PDF export

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PDF export

Post by DaveS » Thu Dec 13, 2007 4:31 pm

I have just installed the trial for 2008. I am a big fan of the PDF export but wondered if there are a couple other things it can do.

I work in model space, create a border around what I want as the plan using the Add Sheet and Title Block command. When I go to plot I can window the border, make it center and it plots beautifully.

My questions are can that be accomplished with the PDF export? I haven't seen it yet. When you are asked to window, there is no ability to snap. At least I couldn't get the snaps to turn on. Two, how do we add different paper sizes to the drop down menu instead of having to punch in the size each time? Thirdly, how can we have the windowed area come out black and white? It's a nice to create a drawing in colour to easily distinguish the different layers but you don't want the plotted product to be in colour.

On a different note. Having alphanumeric point numbers is handy. Will FieldGenius 2006 and 2007 support that type of coding?



Glen Cameron
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Post by Glen Cameron » Fri Dec 14, 2007 8:28 am

The PDF export to file option does not allow the selection of a specific area, it requires selection of entities in the drawing.

If you wish to generate a PDF file, with control over the area to be selected, then I would suggest you install a free printer driver for PDF files. There are several printer drivers available via the internet that can be installed into your computer and used internally the same as any other print driver (we have an article in our helpdesk about one such driver called PDF995). This will also allow you to print in Black and White via the CTB file, as you configure it.

Alpha-Numeric point numbering has been part of FieldGenius for many years now. MicroSurvey CAD 2008 is just catching up in this regard!
Glen W. Cameron, C.E.T.
City of North Bay, Ontario

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Location: Temecula, California

Post by ianw2 » Fri Dec 14, 2007 1:00 pm


I happen to love PDFs as well. I routinely PDF drawings and send them to clients, etc. all over. Although a PDF CAN be "reverse engineered", it is a lot less likely to be mucked about with than a standard drawing file.

Since I use a color-based pltting system (CTB), I cannot gaurantee that the recipient's of my drawings will be able to plot it out exactly as I intended it. As a consequence, even when sending electronic drawings to architects and engineers, I send along a PDF of the drawing so it can be printed out and viewed as I intended it to be.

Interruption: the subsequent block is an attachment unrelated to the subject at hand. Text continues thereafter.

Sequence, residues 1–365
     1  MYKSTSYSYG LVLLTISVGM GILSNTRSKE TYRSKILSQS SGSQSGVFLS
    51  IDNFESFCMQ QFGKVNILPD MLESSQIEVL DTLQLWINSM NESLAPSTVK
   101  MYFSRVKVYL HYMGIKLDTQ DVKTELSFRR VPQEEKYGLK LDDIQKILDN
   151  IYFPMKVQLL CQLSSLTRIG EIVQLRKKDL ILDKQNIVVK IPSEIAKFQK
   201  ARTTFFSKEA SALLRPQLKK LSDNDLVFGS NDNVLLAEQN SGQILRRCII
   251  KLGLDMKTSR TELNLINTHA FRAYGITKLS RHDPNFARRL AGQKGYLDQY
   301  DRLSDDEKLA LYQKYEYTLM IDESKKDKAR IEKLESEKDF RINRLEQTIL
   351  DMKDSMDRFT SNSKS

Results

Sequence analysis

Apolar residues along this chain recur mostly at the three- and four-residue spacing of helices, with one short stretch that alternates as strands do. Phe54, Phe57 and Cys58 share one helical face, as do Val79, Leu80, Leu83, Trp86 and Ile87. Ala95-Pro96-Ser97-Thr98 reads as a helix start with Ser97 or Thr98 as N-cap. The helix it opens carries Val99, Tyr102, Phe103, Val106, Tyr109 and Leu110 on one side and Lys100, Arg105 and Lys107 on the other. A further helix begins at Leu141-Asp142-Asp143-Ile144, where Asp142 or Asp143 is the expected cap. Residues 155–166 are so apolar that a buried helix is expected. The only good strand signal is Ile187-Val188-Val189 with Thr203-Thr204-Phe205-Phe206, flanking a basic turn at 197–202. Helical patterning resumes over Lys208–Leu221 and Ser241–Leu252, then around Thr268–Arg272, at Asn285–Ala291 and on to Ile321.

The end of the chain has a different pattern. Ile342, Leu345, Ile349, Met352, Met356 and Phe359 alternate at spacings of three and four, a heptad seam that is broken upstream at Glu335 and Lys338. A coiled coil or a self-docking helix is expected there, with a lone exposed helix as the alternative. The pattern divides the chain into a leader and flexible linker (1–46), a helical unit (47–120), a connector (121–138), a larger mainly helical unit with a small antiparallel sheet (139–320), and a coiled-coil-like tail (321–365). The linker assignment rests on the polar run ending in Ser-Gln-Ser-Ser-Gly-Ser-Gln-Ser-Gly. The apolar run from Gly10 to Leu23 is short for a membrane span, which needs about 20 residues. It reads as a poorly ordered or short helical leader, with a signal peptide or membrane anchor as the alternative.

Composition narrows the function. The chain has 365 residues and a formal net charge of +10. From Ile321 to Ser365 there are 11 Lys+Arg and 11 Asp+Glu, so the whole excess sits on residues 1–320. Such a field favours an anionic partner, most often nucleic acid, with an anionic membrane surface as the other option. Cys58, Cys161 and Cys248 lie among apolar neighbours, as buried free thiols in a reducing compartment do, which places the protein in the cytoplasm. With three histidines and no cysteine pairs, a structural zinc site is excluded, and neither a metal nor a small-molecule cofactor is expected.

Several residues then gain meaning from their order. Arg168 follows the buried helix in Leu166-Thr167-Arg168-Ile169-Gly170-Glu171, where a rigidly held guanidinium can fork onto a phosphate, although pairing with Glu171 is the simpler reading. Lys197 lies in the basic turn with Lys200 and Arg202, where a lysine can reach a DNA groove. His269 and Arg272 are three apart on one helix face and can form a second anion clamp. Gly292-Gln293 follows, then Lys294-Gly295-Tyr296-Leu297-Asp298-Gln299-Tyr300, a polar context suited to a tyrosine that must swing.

Althoug a bit on the costly side, I've found that the investment in Adobe Acrobat has been well worth the cost. There are a number of low cost and even shareware PDF writers that can be downloaded and installed. The PDF writer acts just like any other printer.

I am also a BIG fan of Model Space / Layout Space. However, I played around with a drawing on which I was working this morning. Here are the results:

Standard method of PDF "plotting".

Export to PDF using the border (not the sheet edge) as the bounding element and selectiong all entities within this border.

As you can see, the first PDF looks just as I inteded it to with all the lineweights, etc. The second method is a mish-mosh of colors and doesn't look anything like I really wanted it to.

BTW, I often plot to a PDF to be able to print out reduced sized plots of my drawings. The lineweights scale down nicely and produce crisp, easily read smaller sized versions. In fact, the drawing I've included here is at 11" x 17" (Tabloid) size. It still looks good printed on 8-1/2" x 11" paper.

Ian Wilson
Ian Wilson Land Surveying, Inc.
Temecula CA 92591
(951) 684-1044

Richard Sands
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Post by Richard Sands » Fri Dec 14, 2007 1:45 pm

I always use a 3rd party PDF , in my case Bluebeam. That way I can generate and assemble PDf's on demand, combine them and add text, title blocks etc and also 'Flatten' the PDF so its only an image if security is an issue.
Bluebeam (and I imagine others) can also select just parts of the drawing.
The beauty about printing to PDF is if you print to the final sheet size - say A2 and then print the resulting PDF to say A4 the lineweights are scaled accordingly.
Personally I'd look at the option of an external PDF writer. Many applications and printers actually install a PDF printer too. I'd suggest Bluebeam is a worthwhile option - its written with AutoCAD in mind. It does plugin to AutoCAD, but not MSCAD.
regards, Richard

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